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Considerable debate exists on how stock exchanges affect economic growth. One line of research argues that stock market development is a positive and significant contributor to growth. On the other hand, other studies show that stock markets negatively affect growth or that they are not relevant contributors to economic growth. This paper seeks to identify the correlation between stock market development and long-run economic growth in Nigeria using the vector error correction modeling. Empirical results suggest that stock market development, as proxied by market capitalization to GDP ratio, does not contribute significantly to long-run economic growth in Nigeria. The implication of this findings is that the Nigerian economy has not gotten to the stage where the stock market can play critical economic development roles. However, efforts must be made to utilize the revenue from crude oil exports for investment in education, health, and capital goods to boost the country’s ailing manufacturing sector for sustainable development and set up robust institutions necessary for financial markets to flourish.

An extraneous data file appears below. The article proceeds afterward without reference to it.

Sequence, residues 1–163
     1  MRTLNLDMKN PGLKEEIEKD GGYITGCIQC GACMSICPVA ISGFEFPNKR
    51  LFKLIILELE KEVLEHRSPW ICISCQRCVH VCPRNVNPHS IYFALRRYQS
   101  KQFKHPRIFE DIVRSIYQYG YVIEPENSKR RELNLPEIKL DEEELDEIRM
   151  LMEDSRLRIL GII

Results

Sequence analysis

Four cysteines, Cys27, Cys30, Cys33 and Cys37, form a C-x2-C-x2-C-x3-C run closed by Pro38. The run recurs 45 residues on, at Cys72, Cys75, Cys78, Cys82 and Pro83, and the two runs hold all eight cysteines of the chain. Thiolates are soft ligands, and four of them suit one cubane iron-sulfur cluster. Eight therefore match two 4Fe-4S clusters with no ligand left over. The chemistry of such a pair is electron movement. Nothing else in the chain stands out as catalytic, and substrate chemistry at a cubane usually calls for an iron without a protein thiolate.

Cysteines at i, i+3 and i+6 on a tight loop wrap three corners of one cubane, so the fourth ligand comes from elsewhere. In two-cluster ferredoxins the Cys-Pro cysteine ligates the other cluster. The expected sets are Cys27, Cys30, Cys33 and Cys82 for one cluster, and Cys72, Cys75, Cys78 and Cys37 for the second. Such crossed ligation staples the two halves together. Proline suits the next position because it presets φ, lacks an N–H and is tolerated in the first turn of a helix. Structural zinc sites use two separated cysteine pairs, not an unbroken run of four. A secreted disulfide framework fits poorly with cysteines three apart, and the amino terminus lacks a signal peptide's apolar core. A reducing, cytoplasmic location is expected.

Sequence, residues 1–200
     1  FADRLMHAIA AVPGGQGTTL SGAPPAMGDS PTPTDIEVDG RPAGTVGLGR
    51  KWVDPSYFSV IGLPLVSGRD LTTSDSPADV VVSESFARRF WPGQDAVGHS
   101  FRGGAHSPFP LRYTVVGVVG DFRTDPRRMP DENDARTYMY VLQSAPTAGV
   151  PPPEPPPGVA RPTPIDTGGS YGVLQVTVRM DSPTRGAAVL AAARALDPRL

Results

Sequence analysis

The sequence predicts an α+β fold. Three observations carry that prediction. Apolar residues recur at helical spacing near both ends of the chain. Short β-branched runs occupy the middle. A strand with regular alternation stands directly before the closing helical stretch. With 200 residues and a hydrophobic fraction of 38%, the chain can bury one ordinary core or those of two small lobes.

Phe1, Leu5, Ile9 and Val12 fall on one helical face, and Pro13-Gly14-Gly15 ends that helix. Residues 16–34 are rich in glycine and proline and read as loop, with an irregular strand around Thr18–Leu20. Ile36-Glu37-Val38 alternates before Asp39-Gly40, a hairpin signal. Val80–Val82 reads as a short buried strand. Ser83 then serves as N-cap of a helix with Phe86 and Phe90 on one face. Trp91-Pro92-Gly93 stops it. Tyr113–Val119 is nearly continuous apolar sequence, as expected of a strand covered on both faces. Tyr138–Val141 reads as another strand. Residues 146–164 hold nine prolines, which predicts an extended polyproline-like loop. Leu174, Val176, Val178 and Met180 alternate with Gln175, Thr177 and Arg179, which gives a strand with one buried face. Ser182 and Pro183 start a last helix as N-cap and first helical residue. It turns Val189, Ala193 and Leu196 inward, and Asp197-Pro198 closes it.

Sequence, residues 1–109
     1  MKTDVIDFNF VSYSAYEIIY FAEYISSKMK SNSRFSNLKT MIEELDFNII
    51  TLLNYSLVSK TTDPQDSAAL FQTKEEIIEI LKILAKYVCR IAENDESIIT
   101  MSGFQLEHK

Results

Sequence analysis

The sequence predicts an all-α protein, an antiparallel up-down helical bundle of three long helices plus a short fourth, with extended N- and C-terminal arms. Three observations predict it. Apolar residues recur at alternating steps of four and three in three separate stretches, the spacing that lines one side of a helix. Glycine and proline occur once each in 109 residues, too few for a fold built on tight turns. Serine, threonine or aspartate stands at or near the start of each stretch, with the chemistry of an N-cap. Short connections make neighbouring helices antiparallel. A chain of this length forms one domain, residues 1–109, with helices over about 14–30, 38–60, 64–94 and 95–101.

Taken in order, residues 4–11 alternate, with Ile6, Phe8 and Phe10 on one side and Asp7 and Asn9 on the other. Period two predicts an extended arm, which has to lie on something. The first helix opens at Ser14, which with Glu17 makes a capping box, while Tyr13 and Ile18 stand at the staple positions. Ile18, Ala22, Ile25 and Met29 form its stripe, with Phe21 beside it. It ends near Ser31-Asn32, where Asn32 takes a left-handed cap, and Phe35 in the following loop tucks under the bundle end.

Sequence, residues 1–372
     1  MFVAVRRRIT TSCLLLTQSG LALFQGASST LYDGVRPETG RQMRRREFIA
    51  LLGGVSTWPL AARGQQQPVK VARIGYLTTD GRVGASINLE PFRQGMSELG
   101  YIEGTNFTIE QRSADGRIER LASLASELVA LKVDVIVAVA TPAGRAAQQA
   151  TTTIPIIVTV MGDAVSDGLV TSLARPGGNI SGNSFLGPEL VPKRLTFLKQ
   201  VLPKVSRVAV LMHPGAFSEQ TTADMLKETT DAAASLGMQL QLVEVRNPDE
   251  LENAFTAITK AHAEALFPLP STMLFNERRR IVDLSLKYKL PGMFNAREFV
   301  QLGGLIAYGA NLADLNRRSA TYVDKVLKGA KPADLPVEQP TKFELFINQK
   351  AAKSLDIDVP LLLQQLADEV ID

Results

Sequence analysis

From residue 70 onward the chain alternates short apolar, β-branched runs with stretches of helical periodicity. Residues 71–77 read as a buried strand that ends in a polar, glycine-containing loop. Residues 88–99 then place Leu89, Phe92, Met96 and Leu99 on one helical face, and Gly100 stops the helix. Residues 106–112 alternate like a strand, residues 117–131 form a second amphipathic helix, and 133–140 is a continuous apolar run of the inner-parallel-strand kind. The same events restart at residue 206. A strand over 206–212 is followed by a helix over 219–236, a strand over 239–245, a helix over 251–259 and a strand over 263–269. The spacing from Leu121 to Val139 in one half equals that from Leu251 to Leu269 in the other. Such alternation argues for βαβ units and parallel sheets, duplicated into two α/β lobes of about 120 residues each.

JEL Classification: G23, O16

Discipline: Financial Economics

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Creative Commons License

Creative Commons Attribution-Noncommercial-No Derivative Works 4.0 License
This work is licensed under a Creative Commons Attribution-Noncommercial-No Derivative Works 4.0 License.


Stock market development, Financial intermediation, Economic growth, Time series econometrics, Nigeria



Stock Market Development and Economic Growth: Empirical Evidence from Nigeria

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